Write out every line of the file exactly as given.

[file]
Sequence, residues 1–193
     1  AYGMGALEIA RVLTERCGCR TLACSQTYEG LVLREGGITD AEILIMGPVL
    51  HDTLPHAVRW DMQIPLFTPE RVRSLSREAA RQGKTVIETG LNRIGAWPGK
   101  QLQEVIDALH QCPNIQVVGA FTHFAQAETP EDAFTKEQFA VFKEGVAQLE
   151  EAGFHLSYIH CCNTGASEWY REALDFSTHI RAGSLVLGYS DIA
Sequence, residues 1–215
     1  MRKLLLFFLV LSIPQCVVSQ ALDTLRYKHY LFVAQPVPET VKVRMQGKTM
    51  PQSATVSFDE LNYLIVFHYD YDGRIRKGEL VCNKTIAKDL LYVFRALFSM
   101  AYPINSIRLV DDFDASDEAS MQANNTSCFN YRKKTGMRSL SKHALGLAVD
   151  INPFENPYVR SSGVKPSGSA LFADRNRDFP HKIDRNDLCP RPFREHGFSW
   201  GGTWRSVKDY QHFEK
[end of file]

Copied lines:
Sequence, residues 1–193
     1  AYGMGALEIA RVLTERCGCR TLACSQTYEG LVLREGGITD AEILIMGPVL
    51  HDTLPHAVRW DMQIPLFTPE RVRSLSREAA RQGKTVIETG LNRIGAWPGK
   101  QLQEVIDALH QCPNIQVVGA FTHFAQAETP EDAFTKEQFA VFKEGVAQLE
   151  EAGFHLSYIH CCNTGASEWY REALDFSTHI RAGSLVLGYS DIA
Sequence, residues 1–215
     1  MRKLLLFFLV LSIPQCVVSQ ALDTLRYKHY LFVAQPVPET VKVRMQGKTM
    51  PQSATVSFDE LNYLIVFHYD YDGRIRKGEL VCNKTIAKDL LYVFRALFSM
   101  AYPINSIRLV DDFDASDEAS MQANNTSCFN YRKKTGMRSL SKHALGLAVD
   151  INPFENPYVR SSGVKPSGSA LFADRNRDFP HKIDRNDLCP RPFREHGFSW
   201  GGTWRSVKDY QHFEK